After that it was straight into the right direction, I could browse the listed games. The individual game listings look decent, you get already all kind of information’s about the game that might come in handy. Developers can for example add videos, screenshots and descriptions to the game page, and I saw they can link to their game on Steam, to the social media profiles and so on. For me, as someone who is writing about games, I could quickly get an overview about the games I opened up on the site. I do pretty much appreciate that you can set filters, I only wanted to see games for the Windows platform, but of course you can choose all other platforms too. Even if you could choose your genre interests already during the sign up, you can filter through genres as well, that’s great. They should however improve it on a way, that the filters are stored, because my taste will not change with the next log in, you taste probably neither.

The coverage section is a nice idea, but it seems that you can only add links to content about games that were or are listed on their site. That should be improved too, they should allow us to add other game coverage too, it would act like a nice portfolio where content creators can list their hottest content, and developers can get a quick overview about the reviewing site or channel. Anyway, overall I do like the service and I can imagine that it’s a great help for both groups.

No matter if you report about games and if you want to get review codes, or if you are developer and want to try another way to approach content creators to promote your games, it seems that Terminals could be a good place to connect with each other. You shouldn’t forget the direct approach, a personal email can just work as well, but there are always different ways to make something possible, and I think this service is one of them. I hope this article was inspiring.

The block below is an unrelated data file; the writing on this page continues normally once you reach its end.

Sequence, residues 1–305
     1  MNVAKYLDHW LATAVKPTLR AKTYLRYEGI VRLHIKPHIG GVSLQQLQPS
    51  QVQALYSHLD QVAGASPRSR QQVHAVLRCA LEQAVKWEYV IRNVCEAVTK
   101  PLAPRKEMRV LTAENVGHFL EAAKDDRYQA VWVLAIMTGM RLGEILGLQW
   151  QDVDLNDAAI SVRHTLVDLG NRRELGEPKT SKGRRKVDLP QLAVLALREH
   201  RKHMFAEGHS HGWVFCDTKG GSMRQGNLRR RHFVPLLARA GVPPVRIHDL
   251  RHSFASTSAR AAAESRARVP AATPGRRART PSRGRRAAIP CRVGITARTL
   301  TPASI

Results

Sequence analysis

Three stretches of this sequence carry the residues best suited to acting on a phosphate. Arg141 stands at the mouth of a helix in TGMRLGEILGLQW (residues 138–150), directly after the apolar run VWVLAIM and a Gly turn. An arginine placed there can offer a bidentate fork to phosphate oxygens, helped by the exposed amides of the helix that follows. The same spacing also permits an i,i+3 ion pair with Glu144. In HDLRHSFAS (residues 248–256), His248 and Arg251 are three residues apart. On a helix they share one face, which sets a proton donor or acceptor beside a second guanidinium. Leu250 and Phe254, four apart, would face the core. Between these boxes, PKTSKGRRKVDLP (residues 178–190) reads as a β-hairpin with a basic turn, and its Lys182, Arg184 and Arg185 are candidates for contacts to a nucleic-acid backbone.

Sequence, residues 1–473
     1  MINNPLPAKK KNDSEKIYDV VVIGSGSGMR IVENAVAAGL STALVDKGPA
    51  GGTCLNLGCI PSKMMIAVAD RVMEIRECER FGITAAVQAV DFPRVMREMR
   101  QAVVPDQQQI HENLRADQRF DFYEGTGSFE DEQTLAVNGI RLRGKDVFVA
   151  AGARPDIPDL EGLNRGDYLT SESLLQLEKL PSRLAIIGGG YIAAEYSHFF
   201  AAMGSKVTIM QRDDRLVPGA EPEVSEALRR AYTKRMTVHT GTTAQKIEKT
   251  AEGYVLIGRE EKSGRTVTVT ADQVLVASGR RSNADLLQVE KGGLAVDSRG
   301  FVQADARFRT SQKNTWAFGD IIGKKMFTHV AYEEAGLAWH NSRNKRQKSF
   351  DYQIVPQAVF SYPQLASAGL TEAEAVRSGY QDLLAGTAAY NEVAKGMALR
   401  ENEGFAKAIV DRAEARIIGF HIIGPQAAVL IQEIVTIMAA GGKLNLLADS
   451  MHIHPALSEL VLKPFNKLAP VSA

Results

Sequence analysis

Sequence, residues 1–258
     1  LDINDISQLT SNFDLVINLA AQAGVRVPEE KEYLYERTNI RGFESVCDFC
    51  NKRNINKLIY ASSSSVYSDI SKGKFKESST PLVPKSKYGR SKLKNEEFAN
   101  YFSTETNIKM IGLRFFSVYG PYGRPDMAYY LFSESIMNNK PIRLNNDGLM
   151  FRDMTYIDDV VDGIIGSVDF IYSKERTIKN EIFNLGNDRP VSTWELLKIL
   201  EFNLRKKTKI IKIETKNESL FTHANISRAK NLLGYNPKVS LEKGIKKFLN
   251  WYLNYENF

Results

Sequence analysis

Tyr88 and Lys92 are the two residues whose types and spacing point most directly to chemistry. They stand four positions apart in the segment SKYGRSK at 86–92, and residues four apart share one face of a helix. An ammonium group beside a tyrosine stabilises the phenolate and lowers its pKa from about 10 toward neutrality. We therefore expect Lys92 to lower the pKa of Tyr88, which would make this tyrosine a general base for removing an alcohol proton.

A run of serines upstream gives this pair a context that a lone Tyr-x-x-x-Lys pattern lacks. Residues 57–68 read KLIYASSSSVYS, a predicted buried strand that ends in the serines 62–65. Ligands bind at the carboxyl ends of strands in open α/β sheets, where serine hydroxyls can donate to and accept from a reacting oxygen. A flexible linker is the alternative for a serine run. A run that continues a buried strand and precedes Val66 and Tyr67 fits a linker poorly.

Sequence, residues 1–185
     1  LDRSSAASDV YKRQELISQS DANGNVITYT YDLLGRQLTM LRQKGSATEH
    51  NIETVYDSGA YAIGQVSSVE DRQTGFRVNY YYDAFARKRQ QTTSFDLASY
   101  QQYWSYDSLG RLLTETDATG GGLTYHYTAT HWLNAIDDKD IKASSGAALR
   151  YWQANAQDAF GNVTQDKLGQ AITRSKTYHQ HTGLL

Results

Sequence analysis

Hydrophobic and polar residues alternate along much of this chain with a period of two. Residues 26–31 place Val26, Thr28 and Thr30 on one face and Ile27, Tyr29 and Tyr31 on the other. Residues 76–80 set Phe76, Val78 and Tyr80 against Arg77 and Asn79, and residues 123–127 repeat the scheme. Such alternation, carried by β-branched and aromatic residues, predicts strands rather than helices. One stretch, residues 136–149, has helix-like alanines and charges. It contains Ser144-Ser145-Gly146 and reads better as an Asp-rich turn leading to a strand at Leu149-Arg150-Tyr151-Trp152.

Want Me To Write About Your Game?

I almost forgot it, if you are game developer and you think I could be interested to write about your game, feel free to contact me directly since you are already on my blog right now. I am covering the gaming topics since quite a while in addition to my other interests. But gaming has always been the driving engine of my blog, and it might even happen that your games offers so much inspiration that I create a whole tutorial series about it. So, tell me about your game!


2 thoughts on “Evolve Terminals: Where Web Content Creators And Game Developers Meet Each Other

    1. I thinik then you must look away from the popular triple A games. It’s the right time, there is a very huge indy market now, lot’s of new smaller developers who create fresh new concepts. It’s just more researching or knowing what you want. There are tons of games that are not about killing. The most popular games are often about killing, but that’s how most popular movies are also about action or killing, I think the mainstream market demands this type of stuff. But as said, there is a market around this today 🙂

      The post is actually aimed at these developers, it’s not about the big companies. I was aware that there are lots of smaller developers, they often have issues to promote their game, and then I found this service and thought I write about it. That’s how they can meet people like me, who would be interested to write about new games if I would get a code to try out. I think the indy developer scene will grow even further over the next years, because lots of younger people learned how to develop games, and this means there will be many more game concepts that are not about killing, simply because these developers can try things out, and they have no investors behind them that say “Do this or that”. 🙂